Murder on film, or more so the examination of murder, is an incredibly touchy subject that can both sway audiences in either divisive spectrum. With the debut feature of the Tohill brothers, they’re intricate ideas and overarching narratives, are unfortunately sacrificed in favor of nauseating twists and turns. What could have been a genuine exploration on grief, innocence, and the effects of the criminal judicial system, ended up creating a film deeply contrived within it’s campy nature. Relying too heavily on predictable story beats (mainly cliches which can be found in other better films), it’s difficult to even be remotely invested in The Dig, with all of it’s poor plot contrivances.
Through it’s distinct Irish setting, the film commences with some remarkable shots and atmospheric direction which shows promise from the brothers. Manipulating the camera and location as means to investigate the mindset of Ronan, the main focus of the film, gives a cold and brooding depiction of the lifestyle which he previously indulged in, and the depressing aftermath of his implied criminal actions. It’s sharp effective directing, which frankly leaves quite the impression to behold. Unfortunately, while the opening few minutes of the film demonstrates a near-pitch perfect exercise in tension and world building, the Tahill brother fail to even reach the same heights of these very opening moments.
The overabundance of all too familiar cliches and plot points drags The Dig from becoming a relevant examination on murder. Leaning a little too heavily on numerous moments which just simply amount too predictable twists and turns, just isn’t thrilling anymore if there isn’t any real backbone or significant purpose of the film existing in the first place. If only the directorial duo could have focused more on what was important, the nitty gritty of chaos and emotion, which could have delivered a truly gratifying think-piece of the aforementioned themes/ideas.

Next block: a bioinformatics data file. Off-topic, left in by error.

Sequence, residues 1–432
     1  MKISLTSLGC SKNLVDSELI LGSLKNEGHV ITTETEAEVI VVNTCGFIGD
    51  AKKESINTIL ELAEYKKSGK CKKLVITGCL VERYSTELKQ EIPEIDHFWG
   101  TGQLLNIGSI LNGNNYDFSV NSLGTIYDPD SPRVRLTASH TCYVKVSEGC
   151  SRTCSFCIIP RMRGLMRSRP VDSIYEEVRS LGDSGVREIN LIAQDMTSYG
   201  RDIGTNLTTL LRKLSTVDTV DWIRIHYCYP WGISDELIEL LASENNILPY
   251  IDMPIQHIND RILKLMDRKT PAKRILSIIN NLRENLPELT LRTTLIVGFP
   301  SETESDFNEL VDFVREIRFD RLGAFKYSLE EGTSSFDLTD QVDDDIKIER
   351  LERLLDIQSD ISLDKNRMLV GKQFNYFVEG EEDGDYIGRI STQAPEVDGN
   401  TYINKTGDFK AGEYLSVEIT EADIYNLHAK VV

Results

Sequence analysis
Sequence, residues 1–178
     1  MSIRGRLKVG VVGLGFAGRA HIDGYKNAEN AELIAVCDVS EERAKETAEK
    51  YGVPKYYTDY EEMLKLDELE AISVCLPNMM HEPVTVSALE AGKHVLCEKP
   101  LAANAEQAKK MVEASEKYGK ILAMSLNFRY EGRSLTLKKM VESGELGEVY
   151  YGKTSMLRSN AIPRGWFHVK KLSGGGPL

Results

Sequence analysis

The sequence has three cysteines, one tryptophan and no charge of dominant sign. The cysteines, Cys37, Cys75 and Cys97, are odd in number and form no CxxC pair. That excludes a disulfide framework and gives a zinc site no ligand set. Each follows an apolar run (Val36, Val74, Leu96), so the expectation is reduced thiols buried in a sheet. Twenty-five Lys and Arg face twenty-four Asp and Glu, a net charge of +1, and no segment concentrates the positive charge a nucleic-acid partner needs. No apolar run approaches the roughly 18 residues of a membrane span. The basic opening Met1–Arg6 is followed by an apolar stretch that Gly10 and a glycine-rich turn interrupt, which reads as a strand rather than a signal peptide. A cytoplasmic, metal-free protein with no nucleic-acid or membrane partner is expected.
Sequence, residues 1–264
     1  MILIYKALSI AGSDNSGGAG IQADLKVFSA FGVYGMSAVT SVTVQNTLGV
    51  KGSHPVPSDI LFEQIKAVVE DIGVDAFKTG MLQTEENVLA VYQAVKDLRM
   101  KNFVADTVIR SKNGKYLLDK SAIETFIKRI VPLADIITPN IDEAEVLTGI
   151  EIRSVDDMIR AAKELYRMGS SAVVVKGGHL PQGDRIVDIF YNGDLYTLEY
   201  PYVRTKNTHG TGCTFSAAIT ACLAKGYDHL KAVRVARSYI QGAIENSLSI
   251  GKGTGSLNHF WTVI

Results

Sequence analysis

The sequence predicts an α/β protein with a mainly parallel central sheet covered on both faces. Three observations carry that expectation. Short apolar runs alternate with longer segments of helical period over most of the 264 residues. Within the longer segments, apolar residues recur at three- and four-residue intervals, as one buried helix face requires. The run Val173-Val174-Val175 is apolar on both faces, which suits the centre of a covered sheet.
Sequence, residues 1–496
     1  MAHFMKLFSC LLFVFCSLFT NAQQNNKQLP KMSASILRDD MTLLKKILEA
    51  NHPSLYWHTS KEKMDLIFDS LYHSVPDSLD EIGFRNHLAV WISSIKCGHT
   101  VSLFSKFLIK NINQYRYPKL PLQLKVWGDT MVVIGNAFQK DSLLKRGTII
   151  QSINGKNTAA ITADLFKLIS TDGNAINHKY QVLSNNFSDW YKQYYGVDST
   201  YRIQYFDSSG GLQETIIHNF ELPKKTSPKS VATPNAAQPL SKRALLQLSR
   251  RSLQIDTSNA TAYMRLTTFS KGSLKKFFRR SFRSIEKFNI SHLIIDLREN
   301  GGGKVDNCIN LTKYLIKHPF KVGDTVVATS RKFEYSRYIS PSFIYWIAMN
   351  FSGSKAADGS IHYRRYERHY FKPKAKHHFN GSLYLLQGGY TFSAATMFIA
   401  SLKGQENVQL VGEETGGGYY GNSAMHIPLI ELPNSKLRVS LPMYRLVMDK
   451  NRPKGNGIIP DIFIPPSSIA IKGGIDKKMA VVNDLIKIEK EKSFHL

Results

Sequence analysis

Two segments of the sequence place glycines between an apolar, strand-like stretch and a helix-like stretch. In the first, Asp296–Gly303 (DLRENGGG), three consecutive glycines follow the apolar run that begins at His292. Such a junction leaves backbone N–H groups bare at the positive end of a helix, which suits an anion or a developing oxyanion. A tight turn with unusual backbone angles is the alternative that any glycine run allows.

It all comes down too potential and execution. While it’s opening sequences are surely impressive, the film never reaches the same strengths that it accomplishes in the first few minutes. Relying too heavily on the typically overused Hollywood formula (which continuously produces mediocre production after mediocre production), The Dig becomes something much worse than the sum of its parts. It’s useless. It’s a film which had potential to say something, but failed to leave an impression for audiences to chew on. So at the end of the day fellow reader, ask yourself this. If piece of media attempts to provoke an idea, but fails in delivering the execution of said idea, is this piece of “entertainment” even worth visiting in the first place?
The Dig is currently seeking North American Distribution